Reply To: QOS via DSCP

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#46089

olivier1010
Member

Nice.

One bad thing i’ve found on hardware level3 multi-wan routers, is the lack of polyvalence to setup the link down state detection.

Some routers only watch for PPPOE session state. This is clearly not a good method for broken link detection, because the PPPOE session can be ok, but routing on next routers down.

On a good multi-wan router, i think that there should be at least those possibilities for broken link detection :

– pppoe state detection

– ping detection to a known target

– http / ftp connectivity test to a known target

– SIP / IAX2 connectivity tests, and more generally a possibility to define custom scripts to detect the liveness of a specific target.

The second important thing, is certainly to be able to shape each class of traffic, load balanced it, or not, define a primary link and backup links for each traffic, etc…

I think that it is very important to have a good failover support, more than a full options load balancing support. Load balancing only works for session oriented traffic, and even with this traffic it is sometimes necessary to lock it on a specific WAN link.

To support multilink with connection oriented protocols, like VoIP, we need link agregation instead of load balancing ; like for example MLPPP. This is clearly not possible without support from the ISP.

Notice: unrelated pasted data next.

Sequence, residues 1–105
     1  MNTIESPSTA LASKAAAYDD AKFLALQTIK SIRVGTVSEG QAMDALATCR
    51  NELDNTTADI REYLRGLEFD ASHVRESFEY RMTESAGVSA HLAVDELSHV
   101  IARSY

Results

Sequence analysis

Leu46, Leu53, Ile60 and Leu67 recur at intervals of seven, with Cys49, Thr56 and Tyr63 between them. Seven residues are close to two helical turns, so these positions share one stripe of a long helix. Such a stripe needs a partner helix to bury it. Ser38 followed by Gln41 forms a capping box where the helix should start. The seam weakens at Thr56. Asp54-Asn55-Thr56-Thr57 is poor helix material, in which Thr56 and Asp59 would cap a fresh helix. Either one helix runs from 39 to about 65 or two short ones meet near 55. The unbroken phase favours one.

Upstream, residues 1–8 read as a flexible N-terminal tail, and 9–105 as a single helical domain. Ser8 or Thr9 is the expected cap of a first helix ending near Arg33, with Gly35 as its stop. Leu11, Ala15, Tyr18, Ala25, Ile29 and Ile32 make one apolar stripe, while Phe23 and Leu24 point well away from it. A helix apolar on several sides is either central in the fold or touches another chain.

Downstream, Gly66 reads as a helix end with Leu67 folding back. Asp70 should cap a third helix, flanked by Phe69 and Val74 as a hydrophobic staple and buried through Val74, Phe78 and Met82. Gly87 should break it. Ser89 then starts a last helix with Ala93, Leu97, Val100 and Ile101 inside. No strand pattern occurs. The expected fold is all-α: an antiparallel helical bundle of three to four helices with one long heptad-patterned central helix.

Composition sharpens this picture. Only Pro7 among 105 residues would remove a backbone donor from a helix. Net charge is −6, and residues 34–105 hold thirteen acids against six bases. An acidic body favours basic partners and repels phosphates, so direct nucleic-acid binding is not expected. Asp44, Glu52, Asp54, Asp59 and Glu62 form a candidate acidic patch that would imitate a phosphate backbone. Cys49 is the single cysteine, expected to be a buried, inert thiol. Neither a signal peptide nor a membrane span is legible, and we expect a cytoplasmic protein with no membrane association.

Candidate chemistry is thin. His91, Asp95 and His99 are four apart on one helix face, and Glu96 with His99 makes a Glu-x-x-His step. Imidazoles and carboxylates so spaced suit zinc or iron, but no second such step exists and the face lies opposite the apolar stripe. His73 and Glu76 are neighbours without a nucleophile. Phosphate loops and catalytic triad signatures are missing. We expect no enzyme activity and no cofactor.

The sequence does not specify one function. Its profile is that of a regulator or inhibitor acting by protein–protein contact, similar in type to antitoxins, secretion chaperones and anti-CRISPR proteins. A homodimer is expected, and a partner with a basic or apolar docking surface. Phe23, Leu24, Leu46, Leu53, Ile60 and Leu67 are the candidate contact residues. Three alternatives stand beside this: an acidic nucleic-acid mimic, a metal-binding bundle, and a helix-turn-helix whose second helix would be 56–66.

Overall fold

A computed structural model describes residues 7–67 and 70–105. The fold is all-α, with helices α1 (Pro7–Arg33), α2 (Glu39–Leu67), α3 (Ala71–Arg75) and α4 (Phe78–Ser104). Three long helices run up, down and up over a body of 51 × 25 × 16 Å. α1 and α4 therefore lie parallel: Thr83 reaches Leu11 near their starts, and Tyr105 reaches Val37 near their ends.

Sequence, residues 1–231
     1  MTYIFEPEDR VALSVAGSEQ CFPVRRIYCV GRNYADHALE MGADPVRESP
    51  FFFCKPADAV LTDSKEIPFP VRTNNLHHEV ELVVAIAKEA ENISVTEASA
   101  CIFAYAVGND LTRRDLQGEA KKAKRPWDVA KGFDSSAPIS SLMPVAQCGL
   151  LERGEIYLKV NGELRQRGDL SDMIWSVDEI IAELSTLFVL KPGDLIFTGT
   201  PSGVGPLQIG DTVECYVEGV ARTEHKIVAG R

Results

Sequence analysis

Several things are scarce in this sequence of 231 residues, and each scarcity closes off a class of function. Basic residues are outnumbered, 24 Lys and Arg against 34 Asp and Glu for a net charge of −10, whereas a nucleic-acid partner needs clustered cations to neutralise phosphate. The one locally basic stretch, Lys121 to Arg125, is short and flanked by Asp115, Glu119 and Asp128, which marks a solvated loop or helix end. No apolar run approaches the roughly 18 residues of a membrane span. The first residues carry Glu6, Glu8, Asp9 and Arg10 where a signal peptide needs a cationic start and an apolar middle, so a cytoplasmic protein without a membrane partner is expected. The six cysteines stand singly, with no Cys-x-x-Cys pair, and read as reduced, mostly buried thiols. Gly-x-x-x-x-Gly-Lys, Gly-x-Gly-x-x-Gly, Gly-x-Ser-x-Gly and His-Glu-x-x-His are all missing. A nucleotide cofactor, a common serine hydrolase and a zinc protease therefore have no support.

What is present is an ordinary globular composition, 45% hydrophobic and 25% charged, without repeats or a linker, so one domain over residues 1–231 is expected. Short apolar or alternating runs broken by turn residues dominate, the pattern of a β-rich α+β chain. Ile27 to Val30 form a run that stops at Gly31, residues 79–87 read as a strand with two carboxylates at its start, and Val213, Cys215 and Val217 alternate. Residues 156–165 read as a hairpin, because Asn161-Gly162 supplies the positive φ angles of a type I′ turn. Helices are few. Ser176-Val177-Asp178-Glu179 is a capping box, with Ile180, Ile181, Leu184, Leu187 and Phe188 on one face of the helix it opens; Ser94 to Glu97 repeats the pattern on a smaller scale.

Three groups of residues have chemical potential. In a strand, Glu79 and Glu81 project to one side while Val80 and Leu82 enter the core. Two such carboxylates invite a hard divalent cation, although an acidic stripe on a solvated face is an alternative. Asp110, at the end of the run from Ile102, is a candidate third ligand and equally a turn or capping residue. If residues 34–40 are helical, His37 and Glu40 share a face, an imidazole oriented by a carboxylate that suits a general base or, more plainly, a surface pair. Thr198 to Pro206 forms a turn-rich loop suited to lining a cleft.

Inbound shaping is important as well, unfortunately with Linux it is only possible to do it by paquet drop, to my knowledge.
For TCP traffic, it would be more adequat to shape the inbound traffic by manipulating the TCP window.

The third thing is perhaps multi IP support for wan, and explode it on multiple NAT network on different VLANs, or bridge specific IP addresses directly to a specific host.

If you need some interesting informations about GUI interfaces for multiwan routers, instead of reinventing the well, you could download the manuals of PepLink, Draytek, Edimax (level2 multiwan), Xincom. They are the most interesting products i’ve found. Edimax is special because they are level2 (expensive) multi-wan routers. They do work with all protocols and can do things that a level3 multiwan router cannot do.

I’ve found the Draytek Vigor 3300 GUI quite interesting and powerfull. I advice you to download the manual and take the good GUI ideas.

Last, in the hardware multi-wan router area, IPv6 is non existent, except on Cisco products…

A good function is to be able to bridge IPv6 coming from a dual protocol PPPOE session to the LAN side so that we can have IPv6 even if we don’ t have advanced control on it. This is a first stage to experiment with it. Perhaps just adding RADVD to announce the IPv6 network prefix to the workstations.

I have the chance to have an IPv4 / IPv6 PPPOE ADSL connection here, so i can test this.

There is a no mans land with IPv6 on GUI interfaces. Strange… Ipv6 is not so complicated, and simplify the administrator work, for example to connect large IP cameras networks.

There are toons of very complicated and efficient software on Linux, like OpenVPN. I can’t explain why there is such a big hole and lack of documentations with QOS and Multi-Wan.

Projects like ZeroShell are very profitable to the Opensource community.

Best Regards,

Olivier.